Occasionally I love to make a spectacular herbed pork roast or succulent, stuffed boneless chops - so when I'm in the mood for that, I always look for great deals at the markets and I buy in bulk. Then, I portion and freeze the pork for inexpensive meals down the road, ultimately saving my family money.
So, after finding this great purchase one week for a 10 lb. cryovaced pork loin with a $10 off coupon, costing me only $8 at my local wholesale merchant (Costco)...I was in portioning and freezing heaven. I cut two roasts of about 3 lb. each and then the rest I divided into 1 1/2 - 2 inch pork chops which I used for this recipe and froze the remainder.
The stuffing is a classic Italian basil pesto with a touch of Mexican Ranchero, Cotija or Feta cheese along with a few pine nuts for texture. Please read my notes on the cheeses at the end of the recipe if you are not familiar with Mexican cheeses and how they taste. In this recipe I used up my creamy Ranchero cheese.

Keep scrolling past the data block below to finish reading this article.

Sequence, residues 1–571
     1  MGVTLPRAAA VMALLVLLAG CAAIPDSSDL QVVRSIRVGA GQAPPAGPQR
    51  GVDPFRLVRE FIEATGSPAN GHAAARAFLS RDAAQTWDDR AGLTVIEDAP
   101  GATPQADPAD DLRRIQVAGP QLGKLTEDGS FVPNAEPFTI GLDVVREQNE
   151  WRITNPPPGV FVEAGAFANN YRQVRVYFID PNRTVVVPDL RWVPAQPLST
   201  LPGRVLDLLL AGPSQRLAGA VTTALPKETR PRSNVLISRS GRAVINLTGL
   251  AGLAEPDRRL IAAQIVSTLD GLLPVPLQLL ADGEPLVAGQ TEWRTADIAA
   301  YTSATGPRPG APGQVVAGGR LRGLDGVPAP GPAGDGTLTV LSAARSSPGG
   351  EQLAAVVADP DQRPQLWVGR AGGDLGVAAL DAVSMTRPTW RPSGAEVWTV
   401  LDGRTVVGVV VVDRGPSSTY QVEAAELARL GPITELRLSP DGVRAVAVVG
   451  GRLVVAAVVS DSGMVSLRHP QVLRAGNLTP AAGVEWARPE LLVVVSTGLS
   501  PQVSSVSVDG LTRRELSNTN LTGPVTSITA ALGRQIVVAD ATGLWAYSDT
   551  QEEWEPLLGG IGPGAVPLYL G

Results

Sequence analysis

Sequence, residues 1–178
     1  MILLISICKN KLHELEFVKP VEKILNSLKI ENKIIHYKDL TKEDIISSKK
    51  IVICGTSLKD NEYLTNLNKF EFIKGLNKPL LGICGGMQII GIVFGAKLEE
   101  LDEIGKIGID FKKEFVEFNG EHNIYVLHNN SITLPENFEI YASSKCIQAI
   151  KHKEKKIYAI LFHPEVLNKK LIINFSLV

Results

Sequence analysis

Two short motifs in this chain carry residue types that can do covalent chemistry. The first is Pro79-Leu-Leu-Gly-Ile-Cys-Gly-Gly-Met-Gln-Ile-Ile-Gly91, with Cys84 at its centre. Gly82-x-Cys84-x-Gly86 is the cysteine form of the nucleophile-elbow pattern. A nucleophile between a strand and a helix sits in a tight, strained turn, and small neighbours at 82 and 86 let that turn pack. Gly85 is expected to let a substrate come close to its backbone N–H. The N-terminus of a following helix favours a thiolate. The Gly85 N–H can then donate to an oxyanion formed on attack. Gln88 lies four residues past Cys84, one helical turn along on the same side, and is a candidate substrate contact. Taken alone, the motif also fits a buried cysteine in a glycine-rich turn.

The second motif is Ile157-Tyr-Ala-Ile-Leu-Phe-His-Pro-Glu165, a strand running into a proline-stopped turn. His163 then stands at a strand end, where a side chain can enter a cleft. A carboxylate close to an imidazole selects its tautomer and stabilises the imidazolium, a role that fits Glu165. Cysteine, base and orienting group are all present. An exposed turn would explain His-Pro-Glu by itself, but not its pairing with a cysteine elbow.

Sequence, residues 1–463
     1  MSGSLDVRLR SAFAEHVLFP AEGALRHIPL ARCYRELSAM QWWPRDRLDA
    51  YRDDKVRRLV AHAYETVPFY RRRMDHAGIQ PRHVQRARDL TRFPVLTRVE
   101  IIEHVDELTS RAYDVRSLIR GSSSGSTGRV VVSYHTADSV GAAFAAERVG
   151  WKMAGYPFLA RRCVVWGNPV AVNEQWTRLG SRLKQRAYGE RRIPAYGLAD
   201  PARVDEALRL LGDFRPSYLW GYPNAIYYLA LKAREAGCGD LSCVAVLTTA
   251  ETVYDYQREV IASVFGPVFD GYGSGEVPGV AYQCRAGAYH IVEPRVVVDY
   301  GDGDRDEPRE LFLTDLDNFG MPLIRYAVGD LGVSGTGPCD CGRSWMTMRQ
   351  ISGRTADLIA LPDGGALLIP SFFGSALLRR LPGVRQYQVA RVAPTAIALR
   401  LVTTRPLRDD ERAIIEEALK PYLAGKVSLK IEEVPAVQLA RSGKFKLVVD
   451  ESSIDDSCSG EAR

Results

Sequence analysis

Boneless pork chops 1 1/2 inches thick
1/4 cup Ranchero, Cotija or Feta cheese, crumbled
1/4 cup basil pesto
2 tbsp. sundried tomatoes, chopped fine
1 tbsp. Pine nuts, toasted and chopped
1/4 tsp. ground black pepper
2 tbsp. aged balsamic vinegar (approx.)
3 tbsp. olive oil
1. Make a "V" shaped pocket with a sharp knife in the middle of the pork chop. Coat the chops inside and out with a drizzle of olive oil, rubbing it in as you go. Sprinkle salt and pepper on the outside of the chops and drizzle the aged balsamic vinegar all over, rubbing that in also.
2. In a small bowl combine the cheese, pesto, tomatoes, pine nuts and mix them well together. Stuff this mixture into the little pocket of the pork and skewer with a couple of toothpicks the best you can, to hold the filling. Heat a little olive oil over a medium to high flame and sear the chops on both sides until golden brown.
3. Transfer the chops to a shallow baking dish or rimmed cookie sheet and bake for approximately 15 minutes until you have an internal temperature of 165 degrees F. or until just cooked through and the juices run clear if you don't own a thermometer.
Ranchero cheese is creamy and can be crumbled, not only for this recipe, but also as an alternative to other cheeses in salads. Feta is used in many Greek recipes and is crumbly and salty to taste. Cotija cheese is another Mexican cheese which is very similar to Feta cheese, only the saltiness is mild.